Similar to all travel companies, Aircastle spots an opportunity in Asia’s growing aviation industry where its job will be to convince carriers they need new planes, but not ones they’ll keep forever.
Aircastle Ltd. aims to double its aircraft leasing assets to $10 billion over the next five years as rising travel in Asia spurs demand for planes.
The jet-leasing company, which owns 159 aircraft, plans to invest $850 million this year, Chief Executive Officer Ron Wainshal said in an interview in Tokyo yesterday.
Aircastle, based at Stamford, Connecticut, joins Sumitomo Mitsui Financial Group Inc., Asia’s largest aviation leasing company, and Orix Corp. in expanding business as economic growth in Asia boosts travel demand. Asia-Pacific air travel will expand 6.4 percent a year and the region will drive almost half of the world’s air traffic growth in the next two decades, Boeing Co. has forecast.
“Everyone is looking at Asia as the main growth center,” said Paul Sheridan, chief Asia consultant at Ascend Worldwide Ltd. “While it is competitive, there is still going to be a pretty decent amount of supply. Airlines are all willing to consider selling to leasing companies and leasing back.”
Aircastle’s revenue may increase to $703.8 million this year, according to the average of nine analysts’ estimates compiled by Bloomberg. Profit will probably almost triple to $93.6 million, the average of six analysts’ estimates showed.
The leasing company, which employs 85 people worldwide, increased the number of staff at its Singapore office to eight this year from two, Wainshal said. The company will remain flexible on doubling assets, he said.
“It’s not a number set in stone,” Wainshal said referring to doubling assets. “If the market gets too high we will sell more planes.”
Aircastle rose 0.8 percent to $15.55 in New York trading yesterday. The shares have gained 24 percent this year, compared with a 16 percent increase in the Standard & Poor’s 500 Index.
The company, rated BB+ by Standard & Poor’s, may take advantage of increased demand for speculative-grade corporate bonds that pushed rates on the securities to a record low last week. A bond sale could be for new capital or refinancing, Wainshal said.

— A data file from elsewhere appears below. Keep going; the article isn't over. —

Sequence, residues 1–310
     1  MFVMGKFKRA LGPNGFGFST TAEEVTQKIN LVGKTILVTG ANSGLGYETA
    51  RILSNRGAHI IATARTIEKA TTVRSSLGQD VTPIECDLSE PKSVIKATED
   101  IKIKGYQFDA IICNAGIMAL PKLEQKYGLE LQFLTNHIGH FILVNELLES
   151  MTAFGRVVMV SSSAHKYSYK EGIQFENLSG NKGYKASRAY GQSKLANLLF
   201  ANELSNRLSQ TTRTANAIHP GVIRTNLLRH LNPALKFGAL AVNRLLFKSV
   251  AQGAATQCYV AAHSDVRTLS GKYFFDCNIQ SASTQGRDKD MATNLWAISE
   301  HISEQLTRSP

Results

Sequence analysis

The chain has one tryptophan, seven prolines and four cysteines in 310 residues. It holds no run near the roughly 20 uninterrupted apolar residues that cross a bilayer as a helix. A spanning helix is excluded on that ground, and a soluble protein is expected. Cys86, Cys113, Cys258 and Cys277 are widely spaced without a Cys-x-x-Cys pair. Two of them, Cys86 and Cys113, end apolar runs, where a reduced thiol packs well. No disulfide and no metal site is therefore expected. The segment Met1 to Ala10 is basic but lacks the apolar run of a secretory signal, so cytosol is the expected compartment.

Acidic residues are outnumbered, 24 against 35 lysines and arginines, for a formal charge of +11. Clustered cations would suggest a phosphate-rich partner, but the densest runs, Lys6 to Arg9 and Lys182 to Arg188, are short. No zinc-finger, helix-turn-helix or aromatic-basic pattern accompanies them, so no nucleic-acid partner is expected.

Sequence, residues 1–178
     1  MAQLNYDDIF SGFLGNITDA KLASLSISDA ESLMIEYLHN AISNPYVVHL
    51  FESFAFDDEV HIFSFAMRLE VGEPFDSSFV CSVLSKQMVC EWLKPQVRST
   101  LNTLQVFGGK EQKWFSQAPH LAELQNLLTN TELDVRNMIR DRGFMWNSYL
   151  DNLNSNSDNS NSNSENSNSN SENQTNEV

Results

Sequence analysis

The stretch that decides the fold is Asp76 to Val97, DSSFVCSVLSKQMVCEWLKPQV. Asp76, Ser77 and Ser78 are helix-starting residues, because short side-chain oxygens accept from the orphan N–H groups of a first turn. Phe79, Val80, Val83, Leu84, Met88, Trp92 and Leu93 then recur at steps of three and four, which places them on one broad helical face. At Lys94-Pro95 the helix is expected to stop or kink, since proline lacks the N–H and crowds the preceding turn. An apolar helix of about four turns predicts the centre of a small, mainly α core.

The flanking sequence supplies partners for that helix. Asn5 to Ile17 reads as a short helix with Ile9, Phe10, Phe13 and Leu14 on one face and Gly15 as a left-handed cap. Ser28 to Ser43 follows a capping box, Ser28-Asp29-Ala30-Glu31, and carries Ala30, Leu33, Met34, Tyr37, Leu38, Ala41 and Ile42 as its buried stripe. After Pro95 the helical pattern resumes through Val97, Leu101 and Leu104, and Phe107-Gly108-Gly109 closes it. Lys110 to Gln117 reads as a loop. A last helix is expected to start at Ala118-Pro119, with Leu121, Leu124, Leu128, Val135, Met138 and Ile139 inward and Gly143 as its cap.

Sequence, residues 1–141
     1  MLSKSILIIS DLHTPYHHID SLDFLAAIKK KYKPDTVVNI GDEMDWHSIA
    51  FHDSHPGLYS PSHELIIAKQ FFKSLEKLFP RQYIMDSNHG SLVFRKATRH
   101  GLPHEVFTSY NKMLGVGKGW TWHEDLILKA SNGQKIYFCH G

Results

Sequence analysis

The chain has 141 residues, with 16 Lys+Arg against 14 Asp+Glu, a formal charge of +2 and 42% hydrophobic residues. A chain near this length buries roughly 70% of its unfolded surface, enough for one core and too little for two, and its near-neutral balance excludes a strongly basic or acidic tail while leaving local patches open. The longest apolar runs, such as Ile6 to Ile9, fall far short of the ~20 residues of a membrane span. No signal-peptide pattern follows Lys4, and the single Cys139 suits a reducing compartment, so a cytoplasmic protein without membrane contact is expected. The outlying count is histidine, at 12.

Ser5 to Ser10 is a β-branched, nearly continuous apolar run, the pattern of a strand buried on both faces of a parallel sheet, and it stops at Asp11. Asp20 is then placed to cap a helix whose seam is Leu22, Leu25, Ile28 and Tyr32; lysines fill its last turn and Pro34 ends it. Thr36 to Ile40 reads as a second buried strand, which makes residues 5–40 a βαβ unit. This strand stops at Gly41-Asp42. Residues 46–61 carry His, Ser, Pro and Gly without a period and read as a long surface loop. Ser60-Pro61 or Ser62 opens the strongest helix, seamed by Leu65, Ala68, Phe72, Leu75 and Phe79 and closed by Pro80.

Record Low Yields
The yield to maturity on high-yield corporate bonds worldwide fell below 6 percent last week, compared with a record high of 23.2 percent in December 2008, according to the Bank of America Merrill Lynch Global High Yield index.
Aircastle, whose biggest shareholder is the Ontario Teachers’ Pension Plan Board, has four bonds outstanding and is paying a 9.75 percent coupon on $450 million of fixed-income securities issued in 2010 that mature in August 2018, according to data compiled by Bloomberg.
“At the moment the bond market is incredibly attractive,” Wainshal said. “I expect we could do something in the bond market this year for growth or refinancing. The refinancing is driven by what you have to pay to get out of existing financing.”
Aircastle is interested in buying used planes or new wide- body planes, such as Boeing 777s, he said. The company isn’t interested in ordering directly from Boeing and Airbus SAS at the moment, Wainshal said.
“It has the strongest possibility of still being in production at the end of the decade,” he said about the Boeing 777. “There is nowhere in the world that has more demand for wide-body aircraft than Asia.”
Editors: Subramaniam Sharma and Vipin V. Nair.
To contact the reporters on this story: Chris Cooper in Tokyo at [email protected]; Kiyotaka Matsuda in Tokyo at [email protected]. To contact the editor responsible for this story: Vipin V. Nair at [email protected].
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